In 1940, the FDA moved from the Department of Agriculture to the Federal Security Agency, and Walter Campbell was named the first commissioner of the Food and Drug Administration. The FDA made two other moves over the next thirty years—to the Department of Health, Education, and Welfare in 1953 and to the Public Health Service under the Department of Health and Human Services in 1968. By the early 2000’s, the agency had nine thousand employees working at offices or inspection posts in nearly 170 cities. FDA personnel conducted about sixteen thousand visits annually to facilities under its oversight.

In 1988, the Food and Drug Administration Act Food and Drug Administration Act (1988) officially established the FDA as an agency of the Department of Health and Human Services, with a commissioner appointed by the president with the advice and consent of the Senate. This act also broadly listed the responsibilities for the commissioner in four major areas: research, enforcement, education, and information. All responsibilities were related to the primary goal of protecting the country’s food and drug supplies.

Significance

The FDA’s multitude of responsibilities were geared toward protecting the food, drugs, and cosmetics available to U.S. consumers. By establishing quality standards and conducting periodic inspections, the agency helped companies comply with the complicated regulations governing food, drug, and cosmetic production. Every substance that went into a product—from pesticides used to control insect problems in the food industry to color additives in cosmetics—came under FDA control. The FDA also worked to ensure that foreign products sold in the United States were produced under sanitary conditions. In addition, the FDA served as an information resource for American consumers regarding the quality of thousands of products. Through consumer consultants and publications such as FDA Consumer and FDA Drug Bulletin, the agency brought information as well as warnings to the public’s attention. The FDA also used the media to prevent illness from widespread contaminations such as those that often follow natural disasters.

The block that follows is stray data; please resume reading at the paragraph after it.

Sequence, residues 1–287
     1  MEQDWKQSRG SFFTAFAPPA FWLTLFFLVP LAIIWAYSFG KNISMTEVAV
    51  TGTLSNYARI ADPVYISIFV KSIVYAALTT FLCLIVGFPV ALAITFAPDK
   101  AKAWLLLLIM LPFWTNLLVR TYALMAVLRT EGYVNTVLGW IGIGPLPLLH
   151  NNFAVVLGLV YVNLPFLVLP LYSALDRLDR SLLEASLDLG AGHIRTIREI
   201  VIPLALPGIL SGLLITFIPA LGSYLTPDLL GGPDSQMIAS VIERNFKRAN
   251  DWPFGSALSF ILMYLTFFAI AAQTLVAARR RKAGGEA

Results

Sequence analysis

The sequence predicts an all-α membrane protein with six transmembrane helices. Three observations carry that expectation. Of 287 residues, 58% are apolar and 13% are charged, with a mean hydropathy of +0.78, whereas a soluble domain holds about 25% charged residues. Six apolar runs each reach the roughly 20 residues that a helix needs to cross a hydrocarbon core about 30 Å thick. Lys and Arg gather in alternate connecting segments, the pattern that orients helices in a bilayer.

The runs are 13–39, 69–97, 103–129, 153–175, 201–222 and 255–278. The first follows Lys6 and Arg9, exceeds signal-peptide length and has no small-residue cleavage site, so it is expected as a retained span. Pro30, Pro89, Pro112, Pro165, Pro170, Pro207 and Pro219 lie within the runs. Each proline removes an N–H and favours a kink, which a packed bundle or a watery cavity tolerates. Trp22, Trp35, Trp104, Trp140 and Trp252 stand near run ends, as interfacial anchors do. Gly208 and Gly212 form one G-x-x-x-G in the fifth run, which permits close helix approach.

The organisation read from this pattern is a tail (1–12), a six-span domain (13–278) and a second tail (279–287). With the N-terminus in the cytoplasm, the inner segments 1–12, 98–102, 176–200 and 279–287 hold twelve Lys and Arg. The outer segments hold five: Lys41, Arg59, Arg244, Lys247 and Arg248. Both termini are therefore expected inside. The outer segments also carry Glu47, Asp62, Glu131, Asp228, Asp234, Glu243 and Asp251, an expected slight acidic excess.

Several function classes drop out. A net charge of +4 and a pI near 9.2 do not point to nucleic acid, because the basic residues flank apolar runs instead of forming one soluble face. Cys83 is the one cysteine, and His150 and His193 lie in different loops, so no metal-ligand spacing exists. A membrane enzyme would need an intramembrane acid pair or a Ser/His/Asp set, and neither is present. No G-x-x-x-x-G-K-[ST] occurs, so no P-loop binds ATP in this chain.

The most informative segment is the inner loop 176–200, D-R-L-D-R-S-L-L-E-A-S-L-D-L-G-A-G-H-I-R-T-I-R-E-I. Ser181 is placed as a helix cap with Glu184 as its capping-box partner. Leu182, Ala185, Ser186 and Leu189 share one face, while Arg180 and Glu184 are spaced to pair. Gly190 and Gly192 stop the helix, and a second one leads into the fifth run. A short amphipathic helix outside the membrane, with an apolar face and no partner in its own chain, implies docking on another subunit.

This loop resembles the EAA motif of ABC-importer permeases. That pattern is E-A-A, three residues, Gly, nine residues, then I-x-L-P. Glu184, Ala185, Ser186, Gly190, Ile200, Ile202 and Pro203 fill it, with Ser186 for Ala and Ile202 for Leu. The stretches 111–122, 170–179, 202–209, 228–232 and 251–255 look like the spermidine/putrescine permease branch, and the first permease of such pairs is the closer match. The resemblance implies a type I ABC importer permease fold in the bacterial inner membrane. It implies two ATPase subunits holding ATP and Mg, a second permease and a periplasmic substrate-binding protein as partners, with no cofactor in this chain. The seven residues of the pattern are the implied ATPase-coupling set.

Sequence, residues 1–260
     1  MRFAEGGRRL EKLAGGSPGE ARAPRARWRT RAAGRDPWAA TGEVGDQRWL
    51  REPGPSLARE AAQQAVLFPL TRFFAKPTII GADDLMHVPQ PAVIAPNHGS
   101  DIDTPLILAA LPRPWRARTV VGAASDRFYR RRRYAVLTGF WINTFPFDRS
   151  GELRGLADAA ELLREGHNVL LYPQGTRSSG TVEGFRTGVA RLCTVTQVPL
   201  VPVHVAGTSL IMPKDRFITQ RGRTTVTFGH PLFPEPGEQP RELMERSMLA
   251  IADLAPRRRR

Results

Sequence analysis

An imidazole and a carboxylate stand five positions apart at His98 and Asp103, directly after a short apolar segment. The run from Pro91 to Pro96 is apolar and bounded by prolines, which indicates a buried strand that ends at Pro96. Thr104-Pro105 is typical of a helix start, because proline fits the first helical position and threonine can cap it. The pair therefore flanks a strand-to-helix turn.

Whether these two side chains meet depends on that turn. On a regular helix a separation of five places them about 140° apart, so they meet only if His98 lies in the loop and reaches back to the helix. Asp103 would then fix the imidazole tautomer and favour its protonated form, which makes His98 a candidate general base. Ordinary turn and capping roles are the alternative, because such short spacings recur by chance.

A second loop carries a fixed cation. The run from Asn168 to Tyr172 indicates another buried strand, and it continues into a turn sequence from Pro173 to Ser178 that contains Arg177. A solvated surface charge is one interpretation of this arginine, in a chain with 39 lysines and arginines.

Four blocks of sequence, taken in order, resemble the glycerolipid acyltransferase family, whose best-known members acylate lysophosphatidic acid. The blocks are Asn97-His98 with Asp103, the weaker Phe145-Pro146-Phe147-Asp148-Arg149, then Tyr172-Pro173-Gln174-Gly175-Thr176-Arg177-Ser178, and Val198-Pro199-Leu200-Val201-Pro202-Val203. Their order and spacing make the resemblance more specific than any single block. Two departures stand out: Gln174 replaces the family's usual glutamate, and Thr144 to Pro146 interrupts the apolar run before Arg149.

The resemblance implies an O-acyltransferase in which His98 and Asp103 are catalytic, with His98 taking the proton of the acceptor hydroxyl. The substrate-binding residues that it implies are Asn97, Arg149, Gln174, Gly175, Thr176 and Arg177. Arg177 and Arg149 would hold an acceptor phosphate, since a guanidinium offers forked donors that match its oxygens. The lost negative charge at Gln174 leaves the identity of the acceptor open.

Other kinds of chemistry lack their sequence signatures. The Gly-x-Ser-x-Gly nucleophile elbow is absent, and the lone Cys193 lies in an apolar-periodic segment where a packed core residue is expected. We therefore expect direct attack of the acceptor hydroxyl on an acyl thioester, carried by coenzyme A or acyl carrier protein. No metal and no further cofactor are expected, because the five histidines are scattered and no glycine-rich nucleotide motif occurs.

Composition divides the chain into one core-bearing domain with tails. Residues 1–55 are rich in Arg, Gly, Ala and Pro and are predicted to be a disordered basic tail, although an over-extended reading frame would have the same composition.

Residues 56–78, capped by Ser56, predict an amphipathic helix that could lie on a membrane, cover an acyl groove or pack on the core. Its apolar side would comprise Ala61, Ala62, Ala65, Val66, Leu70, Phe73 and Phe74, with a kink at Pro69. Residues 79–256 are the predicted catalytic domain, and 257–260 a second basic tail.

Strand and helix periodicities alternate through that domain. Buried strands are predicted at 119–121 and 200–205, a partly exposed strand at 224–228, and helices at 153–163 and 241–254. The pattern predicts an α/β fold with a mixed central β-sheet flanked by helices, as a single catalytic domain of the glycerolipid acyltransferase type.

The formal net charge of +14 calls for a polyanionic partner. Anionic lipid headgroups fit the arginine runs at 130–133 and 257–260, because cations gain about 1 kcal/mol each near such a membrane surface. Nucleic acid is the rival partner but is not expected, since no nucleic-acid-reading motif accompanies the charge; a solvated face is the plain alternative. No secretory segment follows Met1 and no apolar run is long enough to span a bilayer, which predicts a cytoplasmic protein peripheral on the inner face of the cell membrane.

Even after the 1938 law provided increased options for the FDA, the agency continued to be hampered by limitations. FDA regulation applied only to interstate commerce; food prices, advertising, and mailed food products did not fall under FDA control, and meat and poultry were controlled by another agency. After 1938, once a violation was determined to have been committed, several options were available to the agency, including recalls, seizures, fines, and injunctions. Until 1985, the maximum fine was $1,000 for misdemeanor violations and $10,000 for felony violations. After federal revisions, the maximum fine was raised to $100,000 per offense and $250,000 for a felonious offense or one that resulted in death. Corporations faced fines twice as high. Noting an increase in criminal violations in the late 1980’s, the FDA opened the Office of Criminal Investigations to deal with criminal offenses.